Oxford is a city of ornate, gothic, and medieval architecture, as well as being one of the oldest seats of learning on the planet. The world-renowned University dominates the area, with its arches, quads, colleges, bridges, and towers creating the eye-catching character of this bustling city. It’s not just about expanding your grey matter, however, with covered markets, a modern shopping center and, of course, the flowing Cherwell and Isis where you can test out your punting prowess.
Things to see
The oldest of the Oxford colleges, University College was founded by William of Durham, who died in 1249, and even its New Building is over 170 years old. With famous alumni including Bill Clinton and Stephen Hawking, it’s been at the center of global affairs for centuries. If you want to visit its wisteria-filled gardens, you’ll need to arrange permission in advance. If you’re feeling bookish, the Bodleian Library holds over 11 million printed items, and, despite being in continual use since 1602, has kept up with the times to remain one of the world’s finest learning resources. After all that swotting up, you might need to clear your head with some fresh air – in which case a picnic on Christ Church Meadow, which borders the river, could be an ideal way of spending an afternoon. The herd of Longhorn cattle who call it home can find their own lunch…
Hotels in Oxford
As many visitors will be looking to escape into England’s past, some of the most popular Oxford hotels cater to this family-friendly rural ideal, with country manors and luxurious lodges doing a roaring trade. Able to hark back to a golden age, these upmarket, historic hotels are stocked with modern conveniences, from WiFi to flat-screen televisions, and all only a few minutes’ walk away from the city center. If you’re looking for a more romantic stay there are plenty cosy candle-lit spa options. Likewise a number of budget hotels and guesthouses are available, usually further from the colleges of Oxford.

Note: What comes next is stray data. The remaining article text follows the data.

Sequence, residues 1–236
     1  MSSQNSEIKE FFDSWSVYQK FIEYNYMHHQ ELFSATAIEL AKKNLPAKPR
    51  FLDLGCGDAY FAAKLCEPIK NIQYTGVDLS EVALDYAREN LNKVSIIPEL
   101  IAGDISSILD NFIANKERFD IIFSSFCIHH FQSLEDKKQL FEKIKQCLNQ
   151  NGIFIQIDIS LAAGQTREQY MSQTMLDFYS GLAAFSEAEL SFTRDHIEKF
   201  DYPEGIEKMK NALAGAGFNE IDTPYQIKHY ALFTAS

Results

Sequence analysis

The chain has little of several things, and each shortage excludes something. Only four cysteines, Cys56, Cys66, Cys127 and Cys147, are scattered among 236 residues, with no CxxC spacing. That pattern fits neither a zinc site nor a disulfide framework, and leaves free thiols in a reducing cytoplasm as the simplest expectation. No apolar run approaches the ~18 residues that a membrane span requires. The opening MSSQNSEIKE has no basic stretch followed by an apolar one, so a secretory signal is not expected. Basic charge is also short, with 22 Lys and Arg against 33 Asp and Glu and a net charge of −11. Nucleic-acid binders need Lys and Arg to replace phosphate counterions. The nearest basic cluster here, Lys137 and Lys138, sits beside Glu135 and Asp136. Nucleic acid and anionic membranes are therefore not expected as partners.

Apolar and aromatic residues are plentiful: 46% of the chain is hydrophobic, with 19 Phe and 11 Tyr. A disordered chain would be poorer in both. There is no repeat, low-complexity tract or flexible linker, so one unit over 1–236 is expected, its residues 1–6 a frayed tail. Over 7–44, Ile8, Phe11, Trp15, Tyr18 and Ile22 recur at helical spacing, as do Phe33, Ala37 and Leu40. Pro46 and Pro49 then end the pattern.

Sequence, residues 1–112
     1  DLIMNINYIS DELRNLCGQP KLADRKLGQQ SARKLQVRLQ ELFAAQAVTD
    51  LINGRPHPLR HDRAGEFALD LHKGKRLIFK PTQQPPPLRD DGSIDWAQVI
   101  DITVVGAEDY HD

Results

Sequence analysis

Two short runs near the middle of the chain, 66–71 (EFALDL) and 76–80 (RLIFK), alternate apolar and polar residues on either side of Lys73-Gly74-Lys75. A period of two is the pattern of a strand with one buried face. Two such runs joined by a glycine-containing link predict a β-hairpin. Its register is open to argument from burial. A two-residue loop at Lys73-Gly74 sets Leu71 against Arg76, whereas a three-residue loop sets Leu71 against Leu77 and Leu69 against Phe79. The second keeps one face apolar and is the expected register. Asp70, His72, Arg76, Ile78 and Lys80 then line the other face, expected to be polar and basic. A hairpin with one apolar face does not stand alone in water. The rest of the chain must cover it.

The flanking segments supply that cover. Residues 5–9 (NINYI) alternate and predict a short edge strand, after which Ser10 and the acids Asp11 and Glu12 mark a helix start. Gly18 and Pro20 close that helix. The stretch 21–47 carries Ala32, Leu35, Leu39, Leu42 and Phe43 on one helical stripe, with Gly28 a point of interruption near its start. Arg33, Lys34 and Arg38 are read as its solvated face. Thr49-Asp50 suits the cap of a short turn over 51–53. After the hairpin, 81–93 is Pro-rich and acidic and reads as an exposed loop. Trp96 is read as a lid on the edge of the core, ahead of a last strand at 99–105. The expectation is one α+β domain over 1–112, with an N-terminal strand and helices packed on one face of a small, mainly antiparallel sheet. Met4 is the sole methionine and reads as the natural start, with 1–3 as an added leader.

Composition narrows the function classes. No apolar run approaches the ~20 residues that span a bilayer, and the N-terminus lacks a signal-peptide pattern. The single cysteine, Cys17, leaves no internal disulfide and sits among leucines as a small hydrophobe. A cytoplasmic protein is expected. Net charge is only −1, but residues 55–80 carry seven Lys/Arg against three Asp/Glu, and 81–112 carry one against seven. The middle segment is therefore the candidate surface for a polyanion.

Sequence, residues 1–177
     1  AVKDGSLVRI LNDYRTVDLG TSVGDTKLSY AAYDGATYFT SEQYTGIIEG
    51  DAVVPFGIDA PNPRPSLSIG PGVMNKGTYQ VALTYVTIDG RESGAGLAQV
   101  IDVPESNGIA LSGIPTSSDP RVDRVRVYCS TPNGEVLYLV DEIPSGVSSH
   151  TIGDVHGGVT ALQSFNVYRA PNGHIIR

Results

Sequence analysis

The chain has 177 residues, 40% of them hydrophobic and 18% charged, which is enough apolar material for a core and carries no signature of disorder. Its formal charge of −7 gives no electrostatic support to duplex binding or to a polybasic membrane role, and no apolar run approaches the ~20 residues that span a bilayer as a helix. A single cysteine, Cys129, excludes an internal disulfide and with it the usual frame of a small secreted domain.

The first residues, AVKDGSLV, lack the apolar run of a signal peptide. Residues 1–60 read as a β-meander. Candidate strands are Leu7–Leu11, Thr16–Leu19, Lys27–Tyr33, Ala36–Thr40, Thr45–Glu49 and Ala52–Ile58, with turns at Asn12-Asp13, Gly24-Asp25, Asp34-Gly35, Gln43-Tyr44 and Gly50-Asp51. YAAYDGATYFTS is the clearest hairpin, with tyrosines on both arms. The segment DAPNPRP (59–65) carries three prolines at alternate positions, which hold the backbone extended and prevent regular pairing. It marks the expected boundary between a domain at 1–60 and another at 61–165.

Where to stay
Oxford is a compact city, so you’ll most likely be staying close to the center, although hotels in the heart of Oxford during summer months book up quickly. If you’re planning a family trip, you may want to look into the guesthouses and lodges within easy walking distance in the leafy, chiefly residential areas of the city. For a real slice of country living, you might decide you want to opt for one of the country house hotels in Iffley, which has a village feel and is possibly the quietest of the neighborhoods in Oxford, so ideal for romantic getaways.
How to get to
Most visitors to Oxford will arrive at Oxford Central Station, which is a 1 hour train ride from London’s Paddington, and within about 20 minutes’ walking distance from the city center. Regular buses run from London, with the Oxford Tube being the most popular, and a slightly cheaper alternative to the train. Once in Oxford, you’ll notice many people choose to get around by bike, with reasonably priced bike hire available. It’s not a city geared up for motorists, but the combination of its easy-to-walk size and the central location of most of its attractions means you won’t miss your wheels.